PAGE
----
I recently wrote about how L&D can be brilliant given the right type of thinking. Essentially I was saying that the role of the L&Der can be a true business enabler provided there is an understanding of how to do this. I want to develop this thinking, and give some more thoughts on why this may not be a mainstream set of activities. With many businesses and organisations espousing the need to take learning and development seriously, how can we, as a profession help businesses to see what their potential is?
I think part of the problem is those professionals who are indoctrinated into following the L&D cycle (needs analysis, development, delivery, evaluation) and following Kirkpatrick’s model of evaluation to such an extent that they don’t see beyond these activities. For those up and coming in the role, this is a good place to start, and it’s what I would ensure any new person in the role is capable of doing as this is our bread and butter. The need, though, is when that stops being enough.
How do you know when this happens? When you believe success is based on activities like:
– “let’s create a calendar for the year”
– “let’s include elearning as part of the solution”
– “let’s create a new course on subject x”
– “let’s put a newsletter together”
I’m not having a dig, these are worthwhile activities, and they are certainly beneficial in many ways. What this kind of list does, though, it gives permission for the L&Der to just stop there. And then when they attend a conference, or seminar, and they want to implement the new style of thinking, there’s a moment of “I’m out of my depth here”. And we then carry on with the same. I’m guilty of this, and in no way am proclaiming I’ve got this nailed down. Take today for example, my main set of activities have been to send out evaluations on recent workshops. A day spent on admin? Ugh.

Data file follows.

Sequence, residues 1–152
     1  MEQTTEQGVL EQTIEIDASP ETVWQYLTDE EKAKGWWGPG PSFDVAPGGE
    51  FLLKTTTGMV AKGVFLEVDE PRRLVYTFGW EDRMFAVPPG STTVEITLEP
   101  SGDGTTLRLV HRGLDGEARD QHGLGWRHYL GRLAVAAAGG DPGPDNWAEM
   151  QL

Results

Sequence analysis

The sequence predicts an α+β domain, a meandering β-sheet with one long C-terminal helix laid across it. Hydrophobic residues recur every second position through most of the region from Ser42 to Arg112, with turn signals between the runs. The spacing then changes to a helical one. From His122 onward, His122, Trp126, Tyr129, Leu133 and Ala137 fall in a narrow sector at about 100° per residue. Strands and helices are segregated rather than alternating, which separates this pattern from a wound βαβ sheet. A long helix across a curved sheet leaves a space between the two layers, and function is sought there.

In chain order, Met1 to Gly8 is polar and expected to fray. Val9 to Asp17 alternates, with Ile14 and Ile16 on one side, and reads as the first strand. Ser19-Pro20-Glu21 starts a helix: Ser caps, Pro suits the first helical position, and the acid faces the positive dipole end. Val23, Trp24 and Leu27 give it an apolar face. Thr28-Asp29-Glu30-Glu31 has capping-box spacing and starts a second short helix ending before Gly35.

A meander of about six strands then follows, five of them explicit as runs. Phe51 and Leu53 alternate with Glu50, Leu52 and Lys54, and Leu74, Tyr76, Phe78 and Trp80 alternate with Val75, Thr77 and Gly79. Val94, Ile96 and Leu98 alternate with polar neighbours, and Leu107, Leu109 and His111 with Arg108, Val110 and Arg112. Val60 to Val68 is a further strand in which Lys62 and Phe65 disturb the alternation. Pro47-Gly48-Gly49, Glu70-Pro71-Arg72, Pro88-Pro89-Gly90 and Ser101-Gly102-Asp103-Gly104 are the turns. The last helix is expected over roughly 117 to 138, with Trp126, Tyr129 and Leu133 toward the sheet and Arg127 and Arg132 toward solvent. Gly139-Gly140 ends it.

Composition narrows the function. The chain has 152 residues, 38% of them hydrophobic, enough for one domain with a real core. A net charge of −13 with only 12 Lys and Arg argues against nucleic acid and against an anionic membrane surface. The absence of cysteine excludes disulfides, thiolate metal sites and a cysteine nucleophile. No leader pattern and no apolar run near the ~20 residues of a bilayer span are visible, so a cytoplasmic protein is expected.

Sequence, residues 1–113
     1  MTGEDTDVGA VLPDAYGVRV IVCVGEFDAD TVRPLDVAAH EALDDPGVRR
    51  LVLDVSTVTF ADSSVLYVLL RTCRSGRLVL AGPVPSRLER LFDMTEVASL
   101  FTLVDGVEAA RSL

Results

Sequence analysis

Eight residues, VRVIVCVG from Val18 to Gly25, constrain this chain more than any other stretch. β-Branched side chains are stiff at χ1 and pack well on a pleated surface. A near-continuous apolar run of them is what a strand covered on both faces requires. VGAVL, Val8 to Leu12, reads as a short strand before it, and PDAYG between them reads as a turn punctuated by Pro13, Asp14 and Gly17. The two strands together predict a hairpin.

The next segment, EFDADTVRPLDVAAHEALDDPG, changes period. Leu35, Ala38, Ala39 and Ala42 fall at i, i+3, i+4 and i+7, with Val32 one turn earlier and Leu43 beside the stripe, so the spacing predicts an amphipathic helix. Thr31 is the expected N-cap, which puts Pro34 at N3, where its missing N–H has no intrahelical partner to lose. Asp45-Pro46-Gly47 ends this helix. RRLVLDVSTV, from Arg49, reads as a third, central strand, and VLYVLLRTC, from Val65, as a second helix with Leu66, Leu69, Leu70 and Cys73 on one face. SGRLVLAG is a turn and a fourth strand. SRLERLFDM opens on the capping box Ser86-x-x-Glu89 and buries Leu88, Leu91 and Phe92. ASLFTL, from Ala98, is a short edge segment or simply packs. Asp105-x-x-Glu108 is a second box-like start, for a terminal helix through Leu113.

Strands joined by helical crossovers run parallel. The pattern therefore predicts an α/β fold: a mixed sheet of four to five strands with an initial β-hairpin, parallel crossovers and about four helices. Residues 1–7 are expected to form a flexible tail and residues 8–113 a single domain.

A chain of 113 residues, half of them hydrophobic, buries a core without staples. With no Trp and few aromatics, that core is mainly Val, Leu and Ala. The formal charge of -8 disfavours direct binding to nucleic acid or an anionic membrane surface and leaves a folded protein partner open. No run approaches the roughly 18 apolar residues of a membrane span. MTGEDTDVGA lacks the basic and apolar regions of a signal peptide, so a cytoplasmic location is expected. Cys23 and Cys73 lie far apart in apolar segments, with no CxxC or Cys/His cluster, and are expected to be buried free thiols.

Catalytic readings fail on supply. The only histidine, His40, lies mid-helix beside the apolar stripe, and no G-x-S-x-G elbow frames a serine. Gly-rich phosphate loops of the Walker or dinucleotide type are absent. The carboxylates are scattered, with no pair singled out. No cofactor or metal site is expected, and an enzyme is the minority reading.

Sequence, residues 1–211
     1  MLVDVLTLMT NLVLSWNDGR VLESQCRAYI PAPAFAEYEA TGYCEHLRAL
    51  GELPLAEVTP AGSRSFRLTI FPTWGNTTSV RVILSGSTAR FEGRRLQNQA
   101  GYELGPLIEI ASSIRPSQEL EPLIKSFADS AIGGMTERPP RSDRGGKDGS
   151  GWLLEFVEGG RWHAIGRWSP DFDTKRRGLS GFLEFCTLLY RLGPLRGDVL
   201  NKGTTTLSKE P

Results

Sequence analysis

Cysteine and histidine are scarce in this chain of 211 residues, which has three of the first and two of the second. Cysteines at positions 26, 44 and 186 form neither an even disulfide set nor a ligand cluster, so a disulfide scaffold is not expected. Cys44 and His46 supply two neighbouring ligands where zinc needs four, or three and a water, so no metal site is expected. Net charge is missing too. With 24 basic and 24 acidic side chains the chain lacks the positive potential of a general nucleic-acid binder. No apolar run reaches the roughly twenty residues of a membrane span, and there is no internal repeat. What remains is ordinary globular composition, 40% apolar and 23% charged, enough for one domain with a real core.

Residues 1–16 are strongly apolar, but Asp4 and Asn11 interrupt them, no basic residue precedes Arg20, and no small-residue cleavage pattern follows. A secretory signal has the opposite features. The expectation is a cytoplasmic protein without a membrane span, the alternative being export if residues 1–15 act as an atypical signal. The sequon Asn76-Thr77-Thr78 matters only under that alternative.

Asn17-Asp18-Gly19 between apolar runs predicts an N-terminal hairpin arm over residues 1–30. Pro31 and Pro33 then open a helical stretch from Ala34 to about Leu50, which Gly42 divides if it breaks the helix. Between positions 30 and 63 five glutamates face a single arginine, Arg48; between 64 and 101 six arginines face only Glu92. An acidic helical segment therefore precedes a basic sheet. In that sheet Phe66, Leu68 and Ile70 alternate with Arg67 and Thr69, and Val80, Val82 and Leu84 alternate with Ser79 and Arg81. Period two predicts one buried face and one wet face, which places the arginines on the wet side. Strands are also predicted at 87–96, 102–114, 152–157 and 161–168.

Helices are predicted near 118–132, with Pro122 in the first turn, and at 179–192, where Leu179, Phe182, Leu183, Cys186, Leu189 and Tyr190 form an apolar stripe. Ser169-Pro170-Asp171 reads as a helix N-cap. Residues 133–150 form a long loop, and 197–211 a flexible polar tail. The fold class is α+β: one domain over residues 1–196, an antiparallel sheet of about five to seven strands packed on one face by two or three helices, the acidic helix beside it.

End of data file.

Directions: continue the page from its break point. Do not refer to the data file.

It’s when we take the time to think, discuss and debate that we start to see there are other possibilities. It’s when we stop reading the trade journals, and start concentrating on bigger events, that we see that there is more we can be and do. It’s when we start to engage in social media and networks that we start to see there is an absolute mountain of knowledge just waiting to be consumed that can make us better people. And through that we can deliver better insight, better solutions and better understanding of the world that we both work in and that we live in.
The tunnel vision that most L&Ders are burdened with is our biggest barrier. This is true of independent consultants who believe their product will change the world, and of the internal consultant who is blinkered to the possibilities that are out there. The twain can and do meet, just not often enough. Once more L&Ders start to see the potential of what their role can achieve, that’s when mainstream business and organisations will take notice.